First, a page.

The victims of a fraudster who stole thousands of pounds from two children’s sports clubs have called on him to make an apology.
Grant Farrell, 52, pleaded guilty at Reading Crown Court in July to three counts of fraud and one count of theft, which included stealing about £20,000 from Windsor Swimming Club (WSC) and Slough Junior Athletics Club (SJAC).
The prosecution contested that in total more than £60,000 had been stolen, which the court heard Farrell had agreed to repay.
On Friday, April 22, he was sentenced to 21 months in prison, suspended for two years, and 200 hours of community service at Reading Crown Court.
He was also ordered to pay prosecution costs of nearly £4,000.
The chartered accountant was treasurer at the two sports clubs and the prosecution said he used the cash to ‘bankroll’ a lifestyle ‘he could not otherwise have afforded’.
This included regular trips abroad and paying for his son to attend Eton College.
Following Farrell’s conviction the chairman of SJAC, Conrad Roland, said he ‘just wants an apology’.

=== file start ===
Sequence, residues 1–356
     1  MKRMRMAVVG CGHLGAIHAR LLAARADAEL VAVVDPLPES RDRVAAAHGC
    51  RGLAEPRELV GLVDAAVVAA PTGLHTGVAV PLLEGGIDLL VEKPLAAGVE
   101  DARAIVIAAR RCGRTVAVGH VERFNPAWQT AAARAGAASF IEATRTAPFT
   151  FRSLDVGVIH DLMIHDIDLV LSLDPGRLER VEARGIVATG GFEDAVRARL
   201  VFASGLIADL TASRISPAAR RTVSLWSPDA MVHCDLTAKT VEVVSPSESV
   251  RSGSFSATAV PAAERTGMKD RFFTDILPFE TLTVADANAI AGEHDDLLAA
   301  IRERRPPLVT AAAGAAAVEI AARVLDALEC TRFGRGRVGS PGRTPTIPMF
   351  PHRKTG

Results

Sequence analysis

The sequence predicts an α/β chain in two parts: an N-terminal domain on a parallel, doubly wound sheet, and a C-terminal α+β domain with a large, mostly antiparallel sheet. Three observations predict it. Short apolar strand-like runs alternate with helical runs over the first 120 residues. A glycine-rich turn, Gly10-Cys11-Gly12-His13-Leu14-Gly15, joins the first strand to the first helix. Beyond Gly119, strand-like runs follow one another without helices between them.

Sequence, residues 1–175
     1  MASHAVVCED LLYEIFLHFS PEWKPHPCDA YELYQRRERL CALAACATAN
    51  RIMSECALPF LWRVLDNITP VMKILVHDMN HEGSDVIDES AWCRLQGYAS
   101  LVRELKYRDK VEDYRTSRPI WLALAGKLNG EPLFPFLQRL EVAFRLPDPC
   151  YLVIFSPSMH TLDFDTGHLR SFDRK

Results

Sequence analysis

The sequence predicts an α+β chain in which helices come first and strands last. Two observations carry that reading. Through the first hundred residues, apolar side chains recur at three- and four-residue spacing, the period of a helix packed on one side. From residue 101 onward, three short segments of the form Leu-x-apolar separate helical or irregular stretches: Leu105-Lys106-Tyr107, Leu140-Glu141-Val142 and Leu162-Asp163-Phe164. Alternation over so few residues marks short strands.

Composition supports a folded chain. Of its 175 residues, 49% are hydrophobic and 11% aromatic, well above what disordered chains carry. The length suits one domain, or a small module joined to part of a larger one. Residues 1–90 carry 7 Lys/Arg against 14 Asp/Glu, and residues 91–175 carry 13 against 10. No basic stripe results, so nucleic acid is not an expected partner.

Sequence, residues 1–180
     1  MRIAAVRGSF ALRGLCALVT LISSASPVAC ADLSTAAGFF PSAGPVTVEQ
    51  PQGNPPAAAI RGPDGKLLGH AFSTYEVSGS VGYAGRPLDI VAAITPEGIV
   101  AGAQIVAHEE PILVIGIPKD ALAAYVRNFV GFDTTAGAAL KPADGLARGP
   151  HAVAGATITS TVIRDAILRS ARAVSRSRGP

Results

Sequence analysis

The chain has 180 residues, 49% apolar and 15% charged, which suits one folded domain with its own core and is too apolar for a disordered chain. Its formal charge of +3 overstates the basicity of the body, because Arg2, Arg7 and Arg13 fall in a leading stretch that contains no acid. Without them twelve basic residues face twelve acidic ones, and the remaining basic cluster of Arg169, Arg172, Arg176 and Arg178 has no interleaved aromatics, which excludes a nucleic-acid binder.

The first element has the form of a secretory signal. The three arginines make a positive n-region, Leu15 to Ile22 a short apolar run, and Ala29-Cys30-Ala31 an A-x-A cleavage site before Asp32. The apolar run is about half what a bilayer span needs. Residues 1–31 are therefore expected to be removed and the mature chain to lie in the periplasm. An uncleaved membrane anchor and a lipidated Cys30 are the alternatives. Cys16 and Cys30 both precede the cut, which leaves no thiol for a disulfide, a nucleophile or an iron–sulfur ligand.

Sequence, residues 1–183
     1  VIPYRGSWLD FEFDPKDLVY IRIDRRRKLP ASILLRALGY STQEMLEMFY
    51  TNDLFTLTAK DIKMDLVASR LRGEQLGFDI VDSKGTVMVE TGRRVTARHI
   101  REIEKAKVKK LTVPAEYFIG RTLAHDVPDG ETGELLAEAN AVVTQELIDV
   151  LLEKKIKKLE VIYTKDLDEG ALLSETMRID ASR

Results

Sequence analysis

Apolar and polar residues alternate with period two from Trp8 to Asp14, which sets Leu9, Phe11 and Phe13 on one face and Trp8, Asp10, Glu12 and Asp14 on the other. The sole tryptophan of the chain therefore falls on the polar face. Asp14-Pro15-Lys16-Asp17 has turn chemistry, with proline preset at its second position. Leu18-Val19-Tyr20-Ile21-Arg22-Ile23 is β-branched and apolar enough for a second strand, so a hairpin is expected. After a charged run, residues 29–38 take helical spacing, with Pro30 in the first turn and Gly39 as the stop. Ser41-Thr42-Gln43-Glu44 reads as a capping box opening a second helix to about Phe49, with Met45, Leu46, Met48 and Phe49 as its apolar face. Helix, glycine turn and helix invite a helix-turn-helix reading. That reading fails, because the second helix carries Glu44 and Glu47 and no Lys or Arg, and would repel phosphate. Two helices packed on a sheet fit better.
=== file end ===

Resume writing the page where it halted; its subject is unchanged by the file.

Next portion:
He added: “We are pleased that the matter has come to an end, that we can finally put it behind us and that we have been recompensed by Mr Farrell for the money he stole from the club.
“We regret the fact that he appears to continue to show no remorse for the theft and the crime he committed.”
Chairman of WSC, David Redshaw, said the club was ‘let down’ by Farrell’s actions.
He said: “It was pretty devastating to people because we spend a lot of time together in a swimming club. A lot of people make good friends so it is almost like a friend was stealing from you.
“It definitely affected people and caused them a lot of unsettlement. I think people are glad that it is over.”
He echoed the words of Mr Roland and said the club did not receive an apology from Farrell.
In court Judge John Reddihough, summing up, said: “It was to your credit that you took up positions with the WSC and SJAC.
“However, you knew full well that in each role you were in a position of trust – you completely betrayed that trust in relation to both clubs.
“You transferred money from the clubs to your personal account and used the personal credit card of the swimming club for your own purposes.”
He added: “What’s most deplorable is that you stole money from two clubs devoted to developing young people to a very high standard.”
Farrell, of Clarence Road, Windsor, claimed to have been forced to move away from the area as a result of the case.
Representing himself, Farrell claimed that details of the case available online were making it difficult for him to find work, only to be reminded by the judge that he would be obliged to disclose such information to potential employers as a matter of course.
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